Open Source Software - A Moving Target
Open Source Software (OSS) is an attractive alternative to proprietary software platforms. There’s a lot to love about OSS. Lower cost is a primary decision driver for many companies. Others want to enjoy the freedom and flexibility to modify the software to their particular application requirements. Some companies don’t want to be at the mercy of the direction—or lack of direction—of proprietary software roadmaps.
There’s also a lot to fret over with OSS. With so much open source development taking place, OSS is a moving target. This is particularly true when working with modules. One of the key benefits of using modules is that you can bring technology into an application without having to become an expert in that technology. Gumstix, for example, allows you to build customized modules by dragging blocks of functionality into a project. The customize part is that you choose the functionality you want. The fabric of interfaces connecting your chosen technologies is handled for you. In addition, the firmware you need to manage peripherals is prepared for you for your chosen operating system.
All good so far. What gets challenging is when the open source software you’ve chosen evolves. Updates to an operating system, for example, can subtly change how a device operates. Thus, testing is required to assure your device will continue to operate as expected. Some companies avoid this issue by locking in the version of software they use. Devices that work will continue to work.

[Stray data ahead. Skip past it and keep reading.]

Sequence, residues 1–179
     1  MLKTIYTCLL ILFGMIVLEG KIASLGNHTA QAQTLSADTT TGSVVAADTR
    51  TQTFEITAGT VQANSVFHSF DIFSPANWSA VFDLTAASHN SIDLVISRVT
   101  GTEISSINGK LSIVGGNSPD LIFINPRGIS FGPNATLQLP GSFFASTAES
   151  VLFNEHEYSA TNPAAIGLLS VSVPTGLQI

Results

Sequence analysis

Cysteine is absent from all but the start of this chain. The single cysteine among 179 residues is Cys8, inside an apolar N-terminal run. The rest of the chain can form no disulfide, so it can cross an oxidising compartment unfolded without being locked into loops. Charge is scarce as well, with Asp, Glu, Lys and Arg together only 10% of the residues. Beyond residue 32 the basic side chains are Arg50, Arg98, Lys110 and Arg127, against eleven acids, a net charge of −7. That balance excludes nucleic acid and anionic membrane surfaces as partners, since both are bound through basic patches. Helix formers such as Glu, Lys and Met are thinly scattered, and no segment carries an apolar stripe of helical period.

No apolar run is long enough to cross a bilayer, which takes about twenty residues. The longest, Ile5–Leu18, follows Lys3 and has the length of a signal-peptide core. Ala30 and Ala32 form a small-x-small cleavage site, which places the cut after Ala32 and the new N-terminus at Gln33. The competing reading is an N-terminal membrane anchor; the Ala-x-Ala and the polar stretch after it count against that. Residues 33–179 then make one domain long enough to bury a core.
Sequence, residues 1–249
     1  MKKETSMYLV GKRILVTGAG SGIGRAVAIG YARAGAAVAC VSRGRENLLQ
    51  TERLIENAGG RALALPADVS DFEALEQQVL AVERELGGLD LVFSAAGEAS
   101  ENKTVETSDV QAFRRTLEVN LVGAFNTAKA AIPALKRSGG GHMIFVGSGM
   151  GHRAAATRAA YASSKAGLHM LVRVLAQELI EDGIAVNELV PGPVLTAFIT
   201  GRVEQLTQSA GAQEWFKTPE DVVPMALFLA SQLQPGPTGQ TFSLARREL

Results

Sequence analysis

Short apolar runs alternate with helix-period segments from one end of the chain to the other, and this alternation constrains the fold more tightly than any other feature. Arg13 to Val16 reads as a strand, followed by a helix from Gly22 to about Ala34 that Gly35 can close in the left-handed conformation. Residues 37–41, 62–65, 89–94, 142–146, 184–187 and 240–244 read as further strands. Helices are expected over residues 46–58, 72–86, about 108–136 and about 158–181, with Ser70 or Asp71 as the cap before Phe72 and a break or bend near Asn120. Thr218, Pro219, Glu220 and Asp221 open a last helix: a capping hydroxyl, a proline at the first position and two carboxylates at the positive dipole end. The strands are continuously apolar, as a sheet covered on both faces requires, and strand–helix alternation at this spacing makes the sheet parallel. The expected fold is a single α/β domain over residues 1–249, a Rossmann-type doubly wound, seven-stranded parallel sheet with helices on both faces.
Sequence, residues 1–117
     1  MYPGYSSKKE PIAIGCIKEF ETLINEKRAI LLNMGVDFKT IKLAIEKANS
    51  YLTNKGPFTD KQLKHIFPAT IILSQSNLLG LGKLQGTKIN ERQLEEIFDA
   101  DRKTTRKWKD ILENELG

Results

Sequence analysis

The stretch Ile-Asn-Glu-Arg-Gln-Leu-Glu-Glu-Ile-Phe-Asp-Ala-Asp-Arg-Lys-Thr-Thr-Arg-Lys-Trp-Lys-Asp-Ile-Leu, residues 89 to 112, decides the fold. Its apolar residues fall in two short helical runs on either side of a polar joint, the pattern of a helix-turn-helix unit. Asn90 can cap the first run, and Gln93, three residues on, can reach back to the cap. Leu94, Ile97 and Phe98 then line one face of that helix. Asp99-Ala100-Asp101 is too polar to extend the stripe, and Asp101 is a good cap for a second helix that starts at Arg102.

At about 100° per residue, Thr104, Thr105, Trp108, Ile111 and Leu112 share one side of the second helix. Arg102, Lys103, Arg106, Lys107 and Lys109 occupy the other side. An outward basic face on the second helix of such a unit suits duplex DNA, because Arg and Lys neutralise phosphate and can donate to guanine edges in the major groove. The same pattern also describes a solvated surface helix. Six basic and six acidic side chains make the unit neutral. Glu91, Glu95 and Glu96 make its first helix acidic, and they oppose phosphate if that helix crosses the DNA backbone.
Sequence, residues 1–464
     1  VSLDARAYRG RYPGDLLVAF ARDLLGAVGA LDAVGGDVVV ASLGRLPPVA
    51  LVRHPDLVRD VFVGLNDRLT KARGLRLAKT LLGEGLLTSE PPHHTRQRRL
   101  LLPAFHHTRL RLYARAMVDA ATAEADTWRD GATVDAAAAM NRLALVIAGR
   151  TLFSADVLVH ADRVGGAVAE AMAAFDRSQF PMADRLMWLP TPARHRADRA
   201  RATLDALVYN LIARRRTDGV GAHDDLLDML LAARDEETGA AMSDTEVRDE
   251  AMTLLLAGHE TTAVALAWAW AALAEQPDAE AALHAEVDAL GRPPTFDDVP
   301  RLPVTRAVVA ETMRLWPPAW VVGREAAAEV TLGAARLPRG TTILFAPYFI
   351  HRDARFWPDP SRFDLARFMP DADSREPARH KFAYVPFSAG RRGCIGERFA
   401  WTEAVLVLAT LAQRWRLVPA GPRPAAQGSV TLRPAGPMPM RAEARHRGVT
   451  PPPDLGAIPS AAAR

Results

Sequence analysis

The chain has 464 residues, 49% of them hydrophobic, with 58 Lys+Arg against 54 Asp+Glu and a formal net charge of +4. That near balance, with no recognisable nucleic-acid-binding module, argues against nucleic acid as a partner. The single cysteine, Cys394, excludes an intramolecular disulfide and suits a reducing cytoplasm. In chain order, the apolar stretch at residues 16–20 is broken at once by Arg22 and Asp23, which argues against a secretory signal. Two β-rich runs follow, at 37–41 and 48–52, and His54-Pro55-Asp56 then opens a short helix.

Except—and this is a big exception—security messes all of this up. You can have a perfect design, but when a new security vulnerability is discovered, your perfect system needs an update. You now have a choice:
Be an ostrich: You can pretend that security doesn’t matter to your application. Good luck with that. As we see more and more often in the news, hackers are using the vulnerabilities of IoT devices to create havoc, everything from taking over IoT devices to using IoT devices to hack into the network. If your IoT product isn’t secure, companies are starting to get savvy to this and will purchase from someone else (i.e., a competitor) who is actually concerned with security.
Make the changes yourself: You can download the software image used in your modules. This becomes your master image. To adapt to security changes, you then carry over the changes you want in later versions of the open source software. But not having to manage software was one of the reasons for buying a module in the first place. Not an ideal choice.
Take advantage of test automation: The company that makes your modules is keeping up with all the important OSS updates. Gumstix, for example, is always moving to the next version of the Linux kernel. Builds are made using the Yocto environment, and patches are kept up-to-date for everything in the build environment. There’s still the testing aspect to consider, however. After all, you need assurance that the new code will perform as expected.
That’s where automated testing comes in. Gumstix has instituted several layers of automated testing. At the highest level, your customized boards are individually tested before being shipped out. At lower levels, Gumstix is working towards a continuous test automation environment. By running its entire line of production boards through repeated rounds of testing, OSS is tested again and again.
One advantage of continuous test automation is that the software used on your modules is being tested in a diverse multitude of applications. Specifically, every time Gumstix ships a custom board, this provides another data point that the system is stable and reliable under a completely different set of operating conditions.
OSS is a moving target that can be hard to manage on your own. Or, with the right partner, it can be seamless to manage. The choice is yours.
Take a look at some Gumstix customer success stories or contact Gumstix today to learn more about their products, design tools, and services. Or try out Geppetto, their customized module design tool, for yourself.